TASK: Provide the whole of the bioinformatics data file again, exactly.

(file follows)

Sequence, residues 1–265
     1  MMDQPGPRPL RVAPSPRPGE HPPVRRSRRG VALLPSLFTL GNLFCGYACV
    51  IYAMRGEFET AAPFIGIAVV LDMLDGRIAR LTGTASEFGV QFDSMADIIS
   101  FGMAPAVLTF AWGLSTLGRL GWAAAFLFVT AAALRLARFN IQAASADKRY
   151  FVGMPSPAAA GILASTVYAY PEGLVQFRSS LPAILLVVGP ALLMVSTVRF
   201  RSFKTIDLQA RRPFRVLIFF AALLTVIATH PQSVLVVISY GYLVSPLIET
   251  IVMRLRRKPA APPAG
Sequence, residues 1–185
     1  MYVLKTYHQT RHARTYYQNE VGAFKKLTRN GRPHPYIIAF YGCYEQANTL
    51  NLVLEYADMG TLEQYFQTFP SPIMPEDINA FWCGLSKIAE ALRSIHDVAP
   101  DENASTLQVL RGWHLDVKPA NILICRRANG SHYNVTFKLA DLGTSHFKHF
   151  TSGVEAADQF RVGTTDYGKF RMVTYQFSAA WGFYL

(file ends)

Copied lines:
Sequence, residues 1–265
     1  MMDQPGPRPL RVAPSPRPGE HPPVRRSRRG VALLPSLFTL GNLFCGYACV
    51  IYAMRGEFET AAPFIGIAVV LDMLDGRIAR LTGTASEFGV QFDSMADIIS
   101  FGMAPAVLTF AWGLSTLGRL GWAAAFLFVT AAALRLARFN IQAASADKRY
   151  FVGMPSPAAA GILASTVYAY PEGLVQFRSS LPAILLVVGP ALLMVSTVRF
   201  RSFKTIDLQA RRPFRVLIFF AALLTVIATH PQSVLVVISY GYLVSPLIET
   251  IVMRLRRKPA APPAG
Sequence, residues 1–185
     1  MYVLKTYHQT RHARTYYQNE VGAFKKLTRN GRPHPYIIAF YGCYEQANTL
    51  NLVLEYADMG TLEQYFQTFP SPIMPEDINA FWCGLSKIAE ALRSIHDVAP
   101  DENASTLQVL RGWHLDVKPA NILICRRANG SHYNVTFKLA DLGTSHFKHF
   151  TSGVEAADQF RVGTTDYGKF RMVTYQFSAA WGFYL